There are many reasons for abuse and neglect to take place. Mohan explained the three main factors.
“Parents ill-equipped with parental skills including young parents who may be emotionally immature with no family support, parents battling addiction and the clutches of poverty are some factors which give rise to abuse and neglect.”
Mohan also pointed out that children who require special care, stepchildren and children whom parents perceived as different are prone to abuse and neglect.
“The environment also plays a key role. Cramped dwellings can sometimes make parents and children frustrated, which may lead to tempers flaring and subsequent abuse and neglect,” added Mohan.
Mohan explained, “Abuse can be summarised as the act of doing something that one is not supposed to do, whilst neglect is the omission of what is supposed to be done.”
“Statistics show that one in 10 children are prone to abuse and neglect. This would mean that 900,000 children in Malaysia could be suffering in silence,” he said.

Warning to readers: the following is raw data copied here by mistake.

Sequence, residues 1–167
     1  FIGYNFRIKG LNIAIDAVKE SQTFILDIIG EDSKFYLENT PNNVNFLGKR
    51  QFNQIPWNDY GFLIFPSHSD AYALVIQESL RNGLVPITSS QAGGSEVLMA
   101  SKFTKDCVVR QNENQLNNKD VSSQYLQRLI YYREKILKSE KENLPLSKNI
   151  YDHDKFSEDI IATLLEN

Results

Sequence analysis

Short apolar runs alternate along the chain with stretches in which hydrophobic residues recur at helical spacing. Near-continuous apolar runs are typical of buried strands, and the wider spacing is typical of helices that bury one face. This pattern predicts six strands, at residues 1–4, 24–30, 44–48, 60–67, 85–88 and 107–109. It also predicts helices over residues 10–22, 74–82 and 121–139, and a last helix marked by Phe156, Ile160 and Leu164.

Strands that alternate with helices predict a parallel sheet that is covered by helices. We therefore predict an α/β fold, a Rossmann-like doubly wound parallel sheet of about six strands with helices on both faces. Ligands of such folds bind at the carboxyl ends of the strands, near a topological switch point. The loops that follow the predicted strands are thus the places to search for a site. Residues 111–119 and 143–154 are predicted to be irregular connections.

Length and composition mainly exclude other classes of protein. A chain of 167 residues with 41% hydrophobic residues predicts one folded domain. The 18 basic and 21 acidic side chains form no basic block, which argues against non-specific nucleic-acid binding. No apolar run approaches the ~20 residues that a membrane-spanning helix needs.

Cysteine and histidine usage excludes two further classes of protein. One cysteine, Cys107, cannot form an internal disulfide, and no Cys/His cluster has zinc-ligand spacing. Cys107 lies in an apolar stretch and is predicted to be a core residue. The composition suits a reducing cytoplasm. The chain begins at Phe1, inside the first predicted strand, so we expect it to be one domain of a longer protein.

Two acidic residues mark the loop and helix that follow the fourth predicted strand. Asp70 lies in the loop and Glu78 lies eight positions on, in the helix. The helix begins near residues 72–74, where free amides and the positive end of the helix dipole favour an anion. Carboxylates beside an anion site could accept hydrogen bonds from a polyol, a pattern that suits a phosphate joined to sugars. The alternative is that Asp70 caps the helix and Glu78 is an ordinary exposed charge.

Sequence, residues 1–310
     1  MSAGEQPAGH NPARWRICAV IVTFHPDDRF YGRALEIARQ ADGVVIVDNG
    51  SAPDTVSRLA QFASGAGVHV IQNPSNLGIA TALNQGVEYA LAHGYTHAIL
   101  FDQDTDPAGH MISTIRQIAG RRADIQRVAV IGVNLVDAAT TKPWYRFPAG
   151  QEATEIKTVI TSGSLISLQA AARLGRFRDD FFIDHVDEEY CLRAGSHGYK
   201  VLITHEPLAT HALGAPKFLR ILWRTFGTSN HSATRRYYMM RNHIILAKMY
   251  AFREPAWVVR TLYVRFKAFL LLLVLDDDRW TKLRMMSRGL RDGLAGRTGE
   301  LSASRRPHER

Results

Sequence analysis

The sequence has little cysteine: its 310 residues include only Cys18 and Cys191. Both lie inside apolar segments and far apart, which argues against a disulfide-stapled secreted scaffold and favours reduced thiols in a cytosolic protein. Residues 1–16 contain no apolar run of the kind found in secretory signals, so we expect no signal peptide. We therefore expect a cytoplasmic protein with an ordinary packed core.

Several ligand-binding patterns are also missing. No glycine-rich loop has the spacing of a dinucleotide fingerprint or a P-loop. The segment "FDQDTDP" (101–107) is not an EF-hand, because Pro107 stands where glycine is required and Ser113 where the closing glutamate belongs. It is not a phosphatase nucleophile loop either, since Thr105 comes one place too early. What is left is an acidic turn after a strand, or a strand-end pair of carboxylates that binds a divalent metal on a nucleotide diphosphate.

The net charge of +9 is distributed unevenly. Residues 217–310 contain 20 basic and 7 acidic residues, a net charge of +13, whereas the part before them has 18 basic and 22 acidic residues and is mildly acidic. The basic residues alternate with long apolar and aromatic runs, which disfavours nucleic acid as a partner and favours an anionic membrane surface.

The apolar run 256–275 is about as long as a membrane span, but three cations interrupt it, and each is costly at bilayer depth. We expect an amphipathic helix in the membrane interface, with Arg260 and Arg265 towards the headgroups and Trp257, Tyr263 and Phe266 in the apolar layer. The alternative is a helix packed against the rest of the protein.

CONCERN: There may still be many cases which have gone unreported.
“According to statistics from the Ministry of Women, Family and Community Development, in 2018, there were 6,274 cases of child abuse reported. In 2019 and 2020, the numbers were 6,382 and 5,836 respectively,” said Mohan who expressed concern that there may still be many cases which have gone unreported.
“Sexual abuse, which also includes trafficking, predominantly affects women, girls and young boys,” said James who pointed out that in most cases, the abuser is known to the victim.
When Silence is Not Golden
“It is the intention of the offender to strip the victim of their dignity and self-worth,” said James.
“Sexual abuse is silent and our silence does nothing to help the victim,” he added.
James pointed out that it can take a year for abuse to be reported and it can take four times longer for sexual abuse to come to light.